What is Forgiveness?

I’ve been thinking long and hard about forgiveness lately.  

What is it, exactly?

If I forgive then must I also forget?  If I forgive then must I also allow unfettered access into my life?  If I forgive then do I have to pretend the wounds inflicted by the offense don’t still hurt?

Here’s what I have so far: 

  • Forgiveness means letting go of the feelings surrounding the offense.  It means no longer expecting an apology, restitution, repentance, restoration.  It means trusting that whatever work needs to take place in the heart and life of the one who has injured me will have to be done in and through them by the power of God, not by me holding their feet to the fire.
  • Forgiveness means extricating my own heart from the bonds of expectation regarding the other person.  We start fresh.  Clean slate.  I lay down my hopes for how that person should/will/might treat me.  It’s a way of liberating myself regardless of whether they choose to remain in bondage to bad habits, a bad temper or unfruitful relationships.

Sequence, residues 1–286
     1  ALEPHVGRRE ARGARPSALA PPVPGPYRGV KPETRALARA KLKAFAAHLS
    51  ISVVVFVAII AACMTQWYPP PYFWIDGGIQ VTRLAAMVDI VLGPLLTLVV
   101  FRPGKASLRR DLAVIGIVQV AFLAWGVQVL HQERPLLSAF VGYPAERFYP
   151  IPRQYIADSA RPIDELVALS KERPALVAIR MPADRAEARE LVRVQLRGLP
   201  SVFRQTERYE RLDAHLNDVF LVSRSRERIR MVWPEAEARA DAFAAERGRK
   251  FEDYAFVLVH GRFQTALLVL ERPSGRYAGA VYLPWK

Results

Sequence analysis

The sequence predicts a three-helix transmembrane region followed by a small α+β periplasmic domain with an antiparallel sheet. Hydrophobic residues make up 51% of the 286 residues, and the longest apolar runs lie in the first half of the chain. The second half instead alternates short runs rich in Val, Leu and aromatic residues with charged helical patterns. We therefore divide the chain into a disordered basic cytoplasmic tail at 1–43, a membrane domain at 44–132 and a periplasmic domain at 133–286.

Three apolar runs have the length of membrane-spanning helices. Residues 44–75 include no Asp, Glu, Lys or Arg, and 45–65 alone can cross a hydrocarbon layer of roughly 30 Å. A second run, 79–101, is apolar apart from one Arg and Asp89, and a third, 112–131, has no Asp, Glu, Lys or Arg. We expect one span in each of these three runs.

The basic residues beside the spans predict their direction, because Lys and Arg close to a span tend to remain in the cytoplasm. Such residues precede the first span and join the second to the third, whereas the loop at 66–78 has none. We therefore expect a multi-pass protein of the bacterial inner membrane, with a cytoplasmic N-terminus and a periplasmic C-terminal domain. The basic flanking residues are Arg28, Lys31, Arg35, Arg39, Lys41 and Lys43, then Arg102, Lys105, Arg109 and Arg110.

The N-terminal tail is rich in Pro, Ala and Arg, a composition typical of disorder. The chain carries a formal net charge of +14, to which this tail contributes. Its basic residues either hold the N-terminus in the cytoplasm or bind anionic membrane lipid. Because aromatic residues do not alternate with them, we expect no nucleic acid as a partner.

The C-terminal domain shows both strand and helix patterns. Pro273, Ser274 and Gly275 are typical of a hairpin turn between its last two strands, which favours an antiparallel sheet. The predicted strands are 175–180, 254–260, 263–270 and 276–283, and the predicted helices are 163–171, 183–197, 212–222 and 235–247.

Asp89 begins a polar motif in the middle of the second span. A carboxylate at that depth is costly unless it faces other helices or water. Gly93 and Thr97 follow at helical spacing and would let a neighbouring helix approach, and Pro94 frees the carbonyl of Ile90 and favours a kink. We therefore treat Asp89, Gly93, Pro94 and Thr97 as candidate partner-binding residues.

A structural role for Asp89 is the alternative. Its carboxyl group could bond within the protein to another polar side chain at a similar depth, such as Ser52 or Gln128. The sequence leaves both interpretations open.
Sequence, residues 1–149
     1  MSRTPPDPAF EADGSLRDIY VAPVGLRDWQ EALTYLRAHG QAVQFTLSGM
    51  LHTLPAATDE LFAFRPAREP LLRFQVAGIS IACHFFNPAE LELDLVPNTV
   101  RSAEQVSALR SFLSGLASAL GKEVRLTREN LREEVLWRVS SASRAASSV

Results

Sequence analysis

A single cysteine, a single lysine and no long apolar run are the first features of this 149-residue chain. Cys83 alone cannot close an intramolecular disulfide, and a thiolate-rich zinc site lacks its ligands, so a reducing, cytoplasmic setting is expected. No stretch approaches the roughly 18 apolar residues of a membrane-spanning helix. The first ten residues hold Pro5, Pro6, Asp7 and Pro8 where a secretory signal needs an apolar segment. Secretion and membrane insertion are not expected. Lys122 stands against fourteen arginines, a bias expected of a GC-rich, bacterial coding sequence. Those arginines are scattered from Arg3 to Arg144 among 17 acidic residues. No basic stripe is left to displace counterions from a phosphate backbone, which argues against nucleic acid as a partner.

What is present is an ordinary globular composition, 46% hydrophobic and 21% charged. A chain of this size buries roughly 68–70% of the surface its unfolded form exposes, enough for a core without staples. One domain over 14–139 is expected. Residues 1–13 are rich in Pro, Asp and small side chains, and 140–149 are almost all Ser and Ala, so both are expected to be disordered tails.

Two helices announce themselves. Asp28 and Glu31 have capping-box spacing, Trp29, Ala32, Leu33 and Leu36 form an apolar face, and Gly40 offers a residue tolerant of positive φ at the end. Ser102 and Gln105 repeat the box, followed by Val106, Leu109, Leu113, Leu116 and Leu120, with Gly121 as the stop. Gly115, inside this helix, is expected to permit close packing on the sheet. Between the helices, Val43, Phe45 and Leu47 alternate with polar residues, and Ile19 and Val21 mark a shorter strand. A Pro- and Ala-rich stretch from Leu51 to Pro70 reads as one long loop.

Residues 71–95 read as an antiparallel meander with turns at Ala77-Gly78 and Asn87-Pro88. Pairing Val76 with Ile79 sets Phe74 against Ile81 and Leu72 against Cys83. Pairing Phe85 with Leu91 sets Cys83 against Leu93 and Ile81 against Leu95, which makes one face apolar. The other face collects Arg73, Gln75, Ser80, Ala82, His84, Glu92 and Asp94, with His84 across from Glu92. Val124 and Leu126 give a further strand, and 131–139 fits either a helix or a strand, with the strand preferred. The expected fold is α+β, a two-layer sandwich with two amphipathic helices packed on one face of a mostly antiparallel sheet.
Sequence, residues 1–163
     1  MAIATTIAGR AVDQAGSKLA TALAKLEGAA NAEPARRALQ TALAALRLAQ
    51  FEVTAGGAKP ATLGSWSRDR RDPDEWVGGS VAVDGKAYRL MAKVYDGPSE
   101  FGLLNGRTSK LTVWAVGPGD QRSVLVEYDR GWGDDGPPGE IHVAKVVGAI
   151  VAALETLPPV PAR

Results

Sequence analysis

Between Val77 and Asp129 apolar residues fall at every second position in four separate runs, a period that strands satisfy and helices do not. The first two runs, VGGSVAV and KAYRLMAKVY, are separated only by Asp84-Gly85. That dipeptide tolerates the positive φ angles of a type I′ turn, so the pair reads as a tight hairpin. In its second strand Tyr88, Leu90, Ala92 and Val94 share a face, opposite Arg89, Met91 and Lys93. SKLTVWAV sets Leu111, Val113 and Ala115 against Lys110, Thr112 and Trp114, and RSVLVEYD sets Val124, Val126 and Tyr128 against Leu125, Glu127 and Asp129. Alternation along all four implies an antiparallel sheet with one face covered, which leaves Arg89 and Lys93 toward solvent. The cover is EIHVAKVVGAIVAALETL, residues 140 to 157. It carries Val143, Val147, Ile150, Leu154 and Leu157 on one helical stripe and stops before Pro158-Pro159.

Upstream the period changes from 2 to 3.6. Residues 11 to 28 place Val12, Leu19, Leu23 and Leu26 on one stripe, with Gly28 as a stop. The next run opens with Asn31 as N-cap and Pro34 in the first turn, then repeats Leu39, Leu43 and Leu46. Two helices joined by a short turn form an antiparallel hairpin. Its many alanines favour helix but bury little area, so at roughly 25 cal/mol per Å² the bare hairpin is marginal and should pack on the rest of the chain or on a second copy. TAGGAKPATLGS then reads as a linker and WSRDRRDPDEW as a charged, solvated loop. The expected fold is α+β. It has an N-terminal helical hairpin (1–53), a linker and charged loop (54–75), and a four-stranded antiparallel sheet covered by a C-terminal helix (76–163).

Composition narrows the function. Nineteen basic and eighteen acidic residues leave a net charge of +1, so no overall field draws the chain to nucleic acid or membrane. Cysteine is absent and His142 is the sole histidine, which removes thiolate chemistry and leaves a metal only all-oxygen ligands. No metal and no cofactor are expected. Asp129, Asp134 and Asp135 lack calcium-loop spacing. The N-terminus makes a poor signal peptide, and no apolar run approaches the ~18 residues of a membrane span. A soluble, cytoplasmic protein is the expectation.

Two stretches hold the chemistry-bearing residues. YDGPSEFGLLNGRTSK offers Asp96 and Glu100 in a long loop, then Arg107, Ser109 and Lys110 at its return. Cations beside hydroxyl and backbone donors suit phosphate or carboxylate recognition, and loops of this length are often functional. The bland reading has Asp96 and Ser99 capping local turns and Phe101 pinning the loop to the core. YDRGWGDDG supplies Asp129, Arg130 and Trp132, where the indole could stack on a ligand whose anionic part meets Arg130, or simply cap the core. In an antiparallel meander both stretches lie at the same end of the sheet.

• Forgiveness means I have stopped looking to the other person for healing.  I must tend my own wounds, work my own field of feelings, deal with my own shortcomings, poor choices and habitual sins.  I can no longer use another person’s action or inaction as an excuse for my own delayed healing.